If you’re like most people, you can’t live without your personal debit card. A business debit card can be equally useful. Instead of carrying large sums of cash or a time-consuming spend-and-reimburse process, you can pay for business expenses with a debit card linked directly to your business bank account—and avoid incurring debt in the process.

If you are eligible to open a business bank account, you are almost certainly eligible for a business debit card as well—no business credit is required. Here’s more information on how business debit cards work.

Can I Get a Debit Card for a Business Bank Account?

Savings, checking, credit cards, and merchant services are the four types of business bank accounts (to accept payments for goods or services). You’ll most likely receive a debit card linked to your business checking account, though you may also be able to get one linked to a savings account.

To open a business bank account, you may need a business license or a federal Employer Identification Number (EIN). You can get one from a variety of banks and credit unions. Account types and features, including debit card features, can vary significantly, and so be prepared to shop around for the best fit.

How Do Business Debit Cards Work?

A business debit card functions similarly to a personal debit card in that it can be used to make purchases, pay bills, and withdraw cash from an ATM. Business bank accounts may include features that personal accounts do not, making a debit card linked to this account more useful.

For example, you might come across a business account that redirects idle funds into profitable investments. Some business checking accounts offer interest or serve as a money market account. These accounts typically have higher fees or lower minimum balance requirements. Consider the cost of opening and maintaining a business bank account when selecting one:

  • Monthly service fees
  • Minimum opening deposit
  • Minimum balance
  • Overdraft fees
  • Cash deposit fees
  • Foreign transaction fees
  • ATM fees
  • Additional service fees and penalties

Fees and benefits can vary greatly between financial institutions and accounts. You may also discover a variety of digital capabilities, which can influence how you use debit cards in your business. Your business bank account may include digital money management tools that integrate seamlessly with your accounting software, allowing you to manage your business finances from your mobile phone, for example. Your banking app may be able to capture receipts, track spending, and even place limits on your credit cards.

Card controls can aid in the management of debit cards for your employees. Rather than having your delivery staff pay for gas out of their own pockets and submit bills for reimbursement, you could issue debit cards that only work at gas stations and have a weekly spending limit of, say, $60. Digital tools can assist you in keeping track of your money and spending, both for yourself and across the enterprise. If you value a capable digital experience, look for a financial institution that offers the options you require.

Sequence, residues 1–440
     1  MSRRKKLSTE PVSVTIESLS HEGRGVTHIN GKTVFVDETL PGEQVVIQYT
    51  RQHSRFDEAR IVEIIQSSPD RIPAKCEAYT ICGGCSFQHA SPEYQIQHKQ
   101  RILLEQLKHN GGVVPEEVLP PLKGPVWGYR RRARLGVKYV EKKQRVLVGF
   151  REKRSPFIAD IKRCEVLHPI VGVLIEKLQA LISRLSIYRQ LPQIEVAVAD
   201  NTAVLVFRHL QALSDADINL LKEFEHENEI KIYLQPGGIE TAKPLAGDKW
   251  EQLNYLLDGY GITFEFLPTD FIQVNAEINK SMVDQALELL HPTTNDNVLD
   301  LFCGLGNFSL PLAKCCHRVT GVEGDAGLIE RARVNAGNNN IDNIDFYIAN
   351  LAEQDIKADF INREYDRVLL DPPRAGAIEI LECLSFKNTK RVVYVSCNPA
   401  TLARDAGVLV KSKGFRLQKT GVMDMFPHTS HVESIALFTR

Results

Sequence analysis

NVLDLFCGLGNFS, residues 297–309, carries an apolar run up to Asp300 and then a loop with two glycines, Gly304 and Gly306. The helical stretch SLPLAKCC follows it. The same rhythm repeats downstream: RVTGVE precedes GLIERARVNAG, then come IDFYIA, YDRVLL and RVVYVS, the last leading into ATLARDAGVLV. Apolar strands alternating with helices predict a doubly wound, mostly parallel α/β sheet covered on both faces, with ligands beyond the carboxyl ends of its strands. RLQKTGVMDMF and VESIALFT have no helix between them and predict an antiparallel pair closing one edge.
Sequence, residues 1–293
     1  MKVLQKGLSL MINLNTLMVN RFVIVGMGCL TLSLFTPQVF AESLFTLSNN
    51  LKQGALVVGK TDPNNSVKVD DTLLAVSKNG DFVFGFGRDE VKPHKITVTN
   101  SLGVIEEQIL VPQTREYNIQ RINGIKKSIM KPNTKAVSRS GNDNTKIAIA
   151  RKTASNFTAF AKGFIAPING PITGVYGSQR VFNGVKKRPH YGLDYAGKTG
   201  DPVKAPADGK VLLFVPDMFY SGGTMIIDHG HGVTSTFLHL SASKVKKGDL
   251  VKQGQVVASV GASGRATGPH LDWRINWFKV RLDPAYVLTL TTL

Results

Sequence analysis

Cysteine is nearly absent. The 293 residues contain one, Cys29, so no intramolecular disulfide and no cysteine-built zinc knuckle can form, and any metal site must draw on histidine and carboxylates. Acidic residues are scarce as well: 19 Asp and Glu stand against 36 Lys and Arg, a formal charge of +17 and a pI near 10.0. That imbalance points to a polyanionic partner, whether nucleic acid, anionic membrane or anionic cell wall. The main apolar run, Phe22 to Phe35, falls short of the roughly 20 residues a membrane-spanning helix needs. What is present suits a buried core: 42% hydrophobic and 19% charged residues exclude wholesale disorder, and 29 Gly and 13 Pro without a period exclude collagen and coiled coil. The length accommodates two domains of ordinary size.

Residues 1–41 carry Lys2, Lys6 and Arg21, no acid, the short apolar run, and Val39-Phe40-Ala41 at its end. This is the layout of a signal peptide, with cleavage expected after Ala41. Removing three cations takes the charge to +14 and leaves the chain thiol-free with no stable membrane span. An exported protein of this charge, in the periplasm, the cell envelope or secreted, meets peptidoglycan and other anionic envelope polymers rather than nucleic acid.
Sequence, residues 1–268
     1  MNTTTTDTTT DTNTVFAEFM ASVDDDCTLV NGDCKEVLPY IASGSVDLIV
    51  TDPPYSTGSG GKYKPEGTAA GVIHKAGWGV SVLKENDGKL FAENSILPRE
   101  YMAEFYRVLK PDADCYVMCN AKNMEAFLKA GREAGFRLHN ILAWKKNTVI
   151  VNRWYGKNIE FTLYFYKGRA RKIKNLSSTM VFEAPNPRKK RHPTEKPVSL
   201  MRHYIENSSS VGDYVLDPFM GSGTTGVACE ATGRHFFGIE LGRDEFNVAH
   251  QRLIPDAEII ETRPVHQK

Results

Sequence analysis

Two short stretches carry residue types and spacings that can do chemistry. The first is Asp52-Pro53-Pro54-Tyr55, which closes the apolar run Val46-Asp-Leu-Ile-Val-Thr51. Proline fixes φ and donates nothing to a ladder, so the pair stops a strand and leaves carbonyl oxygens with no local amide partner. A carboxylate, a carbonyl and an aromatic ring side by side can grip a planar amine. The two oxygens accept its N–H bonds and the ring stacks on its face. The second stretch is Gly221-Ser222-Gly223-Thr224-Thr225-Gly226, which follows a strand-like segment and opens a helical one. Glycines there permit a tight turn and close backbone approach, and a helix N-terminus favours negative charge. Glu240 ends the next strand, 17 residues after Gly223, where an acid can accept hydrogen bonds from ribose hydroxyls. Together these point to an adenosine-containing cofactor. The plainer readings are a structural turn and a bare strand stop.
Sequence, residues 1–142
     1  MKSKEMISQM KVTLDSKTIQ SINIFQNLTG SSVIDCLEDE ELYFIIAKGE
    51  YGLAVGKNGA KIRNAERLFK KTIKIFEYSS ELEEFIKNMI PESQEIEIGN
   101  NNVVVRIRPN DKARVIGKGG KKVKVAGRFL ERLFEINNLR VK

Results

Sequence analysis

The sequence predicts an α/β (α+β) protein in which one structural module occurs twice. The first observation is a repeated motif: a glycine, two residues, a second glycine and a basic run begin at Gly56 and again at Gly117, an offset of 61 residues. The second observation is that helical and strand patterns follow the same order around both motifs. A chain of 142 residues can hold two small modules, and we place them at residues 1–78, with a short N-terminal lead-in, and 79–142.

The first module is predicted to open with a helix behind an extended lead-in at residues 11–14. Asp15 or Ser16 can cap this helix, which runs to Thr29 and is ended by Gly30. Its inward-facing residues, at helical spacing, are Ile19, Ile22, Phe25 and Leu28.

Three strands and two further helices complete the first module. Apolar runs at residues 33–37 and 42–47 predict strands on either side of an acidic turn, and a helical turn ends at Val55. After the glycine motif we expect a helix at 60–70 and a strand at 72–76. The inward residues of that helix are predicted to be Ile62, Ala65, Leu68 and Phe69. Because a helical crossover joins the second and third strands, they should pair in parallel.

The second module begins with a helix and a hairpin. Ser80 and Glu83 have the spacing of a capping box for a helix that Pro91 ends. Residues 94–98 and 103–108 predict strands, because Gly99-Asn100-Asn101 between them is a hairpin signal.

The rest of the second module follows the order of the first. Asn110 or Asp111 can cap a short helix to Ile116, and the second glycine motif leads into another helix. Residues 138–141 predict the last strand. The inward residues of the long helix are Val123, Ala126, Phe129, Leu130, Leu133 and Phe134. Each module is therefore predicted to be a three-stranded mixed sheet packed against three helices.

At the same time, don’t go overboard with bells and whistles if they aren’t necessary. Your business banking relationship will evolve over time, so if you only require a basic business account with a debit card right now, go with that option. You can always upgrade to a more feature-rich account as your business grows and your needs change.

Business Debit Card vs. Business Credit Card

You may want a business credit card in addition to a debit card. Which is superior? In reality, having both is preferable. Debit cards help you avoid running up a credit card balance every time you make a purchase because they draw directly from your checking account.

A business credit card, on the other hand, can help you build business credit, which is a valuable asset when starting and growing a business. A credit card can also assist you in smoothing out cash flow issues or financing equipment and other expenses. Business credit cards can earn rewards, which can be substantial if you use your credit card to pay for large expenses. If you’re not sure what type of business credit card you’re eligible for, you can check your business credit report online.

Compare the costs and consider how you’ll use the cards before getting a debit or credit card for your business. Who will be able to use these cards, and how will they be used? What safeguards do you have in place to prevent misappropriation or fraud? If you aren’t ready to issue and track debit or credit cards to your employees, you could use prepaid cards for everyone except yourself. Prepaid cards can be loaded and reloaded with enough money to cover essentials without jeopardizing your bank balance or credit line.

Finding the Right Debit Card for You

Obtaining a business debit card is a significant step: It goes hand in hand with opening a business account and establishing your company’s financial operations. To find the best fit, compare banks, credit unions, business banks, and online banks. The account you require exists somewhere, and it is linked to the appropriate business debit card.